• S- Khaled 85 year old Saudi male . he complained of dyspnea for
one weak and coughing with sputum. He has DM from 30 years,
HTN, stroke for 7 month and Parkinson disease.
• O- taking history and physical examination
• E- pleural effusion or pneumothorax or inspiration pneumonia.
• P- CXR, cbc, echo
• E- thoracentesis, tube thoracotomy and
• L- pleural effusion
5. PLEURAL SPACE
The pleura consists of 2 layers
1 – parietal pleura
2 – visceral pleura
The space between the 2 layers is called the pleural
Normally the pleural space contains:
• 3.5 to 7.0 ml of clear liquid
• low protein content
• small number of mononuclear cells
6. • Definition.
Defined as an excess quantity of fluid in the pleural space caused either by ↑
pleural fluid formation or ↓ removal by the lymphatic system. The fluid may be
transudative or exudative.
1. Transudative effusion: ↑ production of pleural fluid due to ↑ hydrostatic or ↓
oncotic pressures. Found in CHF, pulmonary embolism, cirrhosis, and
2. Exudative effusion: ↑ production due to abnormal capillary permeability or ↓
lymphatic clearance of fluid. Found in malignancy, pneumonia, TB, pulmonary
embolism, pancreatitis, esophageal rupture, collagen vascular disease, and
3. In healthy patients, the pleural cavity contains a small volume of lubricating
serous fluid, formed primarily by transudation from the parietal pleura and
absorbed primarily by the capillaries and lymphatics. The balance between
formation and removal of this fluid may be compromised by any disorder that
increases the pulmonary or systemic venous pressure, lowers the plasma
oncotic pressure, increases capillary permeability, or obstructs the lymphatic
• patients may experience dyspnea with large effusions. They may also complain
Of pleuritic pain and have symptoms of pneumonia such as productive Cough,
fever, and signs of consolidation.
• on exam, dullness to percussion, decreased fremitus, and ↓ breath sounds May
be found on the affected side. Patients may show symptoms of their Underlying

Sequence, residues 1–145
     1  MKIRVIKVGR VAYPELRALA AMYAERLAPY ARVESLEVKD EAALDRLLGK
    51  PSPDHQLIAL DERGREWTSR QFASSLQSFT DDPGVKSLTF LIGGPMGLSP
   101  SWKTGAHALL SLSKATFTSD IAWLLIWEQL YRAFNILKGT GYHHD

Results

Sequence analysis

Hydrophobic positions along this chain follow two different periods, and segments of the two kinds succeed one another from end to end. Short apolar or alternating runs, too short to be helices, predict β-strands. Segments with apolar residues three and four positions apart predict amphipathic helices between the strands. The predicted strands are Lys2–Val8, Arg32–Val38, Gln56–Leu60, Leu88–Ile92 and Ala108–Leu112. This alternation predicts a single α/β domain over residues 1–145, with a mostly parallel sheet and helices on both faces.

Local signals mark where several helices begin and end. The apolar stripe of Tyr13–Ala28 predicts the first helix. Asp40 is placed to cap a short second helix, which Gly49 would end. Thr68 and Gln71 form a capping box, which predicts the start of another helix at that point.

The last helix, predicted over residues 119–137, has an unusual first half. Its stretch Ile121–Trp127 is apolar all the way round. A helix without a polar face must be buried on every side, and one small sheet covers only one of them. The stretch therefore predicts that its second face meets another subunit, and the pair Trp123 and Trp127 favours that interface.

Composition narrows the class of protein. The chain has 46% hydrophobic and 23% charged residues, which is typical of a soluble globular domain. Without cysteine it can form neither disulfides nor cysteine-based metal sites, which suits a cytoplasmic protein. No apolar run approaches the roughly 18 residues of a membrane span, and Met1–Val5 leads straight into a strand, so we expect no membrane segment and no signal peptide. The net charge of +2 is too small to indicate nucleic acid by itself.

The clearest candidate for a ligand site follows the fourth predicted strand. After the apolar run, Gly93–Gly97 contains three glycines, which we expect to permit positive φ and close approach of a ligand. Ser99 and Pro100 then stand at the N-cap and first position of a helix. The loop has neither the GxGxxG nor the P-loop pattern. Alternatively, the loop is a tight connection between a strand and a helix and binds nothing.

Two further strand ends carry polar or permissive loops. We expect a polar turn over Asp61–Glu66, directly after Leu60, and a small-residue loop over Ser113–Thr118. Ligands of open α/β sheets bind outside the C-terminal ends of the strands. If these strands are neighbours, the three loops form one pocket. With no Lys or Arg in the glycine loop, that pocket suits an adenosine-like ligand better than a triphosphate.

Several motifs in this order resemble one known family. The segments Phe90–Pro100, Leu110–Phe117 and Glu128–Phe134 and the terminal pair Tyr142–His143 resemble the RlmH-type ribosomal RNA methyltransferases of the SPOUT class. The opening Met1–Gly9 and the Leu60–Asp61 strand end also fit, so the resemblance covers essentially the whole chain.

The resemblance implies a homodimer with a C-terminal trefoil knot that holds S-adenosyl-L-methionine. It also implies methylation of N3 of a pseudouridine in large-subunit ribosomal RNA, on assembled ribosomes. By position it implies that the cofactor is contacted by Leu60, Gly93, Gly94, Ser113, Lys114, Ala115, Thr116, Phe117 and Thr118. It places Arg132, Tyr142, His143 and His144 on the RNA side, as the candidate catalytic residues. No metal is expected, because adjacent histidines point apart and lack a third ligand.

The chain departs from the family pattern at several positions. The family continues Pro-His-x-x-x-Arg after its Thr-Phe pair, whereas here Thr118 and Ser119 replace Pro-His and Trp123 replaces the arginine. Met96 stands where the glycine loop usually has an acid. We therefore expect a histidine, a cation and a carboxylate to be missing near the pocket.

disease process (cancer, pneumonia, CHF, cirrhosis).
• CXR: on upright PA and lateral films, blunting of costophrenic angles may be
present with effusions > 250 ml. Decubitus films can differentiate Pleural fluid
from pleural scarring and can help determine if the fluid is Loculated .
• obtain fluid via thoracentesis and send for protein, glucose, LDH, cell Count,
gram stain, and culture. Also obtain PH, fungal and mycobacterial Cultures, and
cytology. In appropriate settings, look for pleural fluid Amylase, triglycerides,
cholesterol, and hematocrit. Grossly purulent fluid Represents empyema.
• hemothorax: a pleural hematocrit-to-peripheral hematocrit ratio > 0.5.
• pancreatitis, pancreatic pseudocyst, adenocarcinoma of lung, or esophageal
Rupture: ↑ pleural fluid amylase.
• malignancy: cytology is only 50%–60% sensitive for detection.
• pleural biopsy can help diagnose TB or cancer.
• Transudative effusion: treat the underlying cause, and consider therapeutic
Thoracentesis if symptomatic. No further workup is required.
• exudative effusion:
• parapneumonic: give appropriate antibiotics for infections; insert a Chest tube
for drainage if complicated (eg, if ph < 7.2 or glucose < 60
• Mg/dl) or if empyema is present.
• malignant: treat the underlying malignancy; repeat thoracentesis or Chest tube
insertion for symptom relief. Pleurodesis can ↓ reaccumulation Of fluid.
• hemothorax: rapid drainage via a large-bore chest tube to prevent fibrothorax.
• tuberculous: usually resolves with treatment of TB.
Color of Fluid Suggested Diagnosis
Pale yellow (straw) Transudate, some exudates
Red (bloody) Malignancy or embolism or TB
Turbid Infected effusion
White (milky) Chylothorax or cholesterol effusion
Color of Fluid
15. Peneumothorax is the accumulation of air in the pleural space. It may occur
spontaneously or following trauma
Chest trauma; rupture of aortic
Congestive cardiac failure
Neoplastic infiltration; trauma
16. Results from rupture of a pleural bleb
Pleural bleb being a congenital defect of the alveolar wall
Patients are typically tall, thin, young males.
M:f ratio 6:1.
Usually apical affecting both lungs with equal frequency.
17. Secondary causes occur in patients with underlying disease :
COPD, TB, pneumonia, bronchial carcinoma, sarcoidosis and
18. Patients present with sudden onset of unilateral pleuritic pain and increasing
The main aim of treatment is to get the patient back to active life as soon as
19. Chest radiography may show an area devoid of lung markings.
May be more clearly seen on the expiratory film
20. Small pneumothorax: no treatment, but review in 7-10 days.
Moderate pneumothorax: admit for simple aspiration.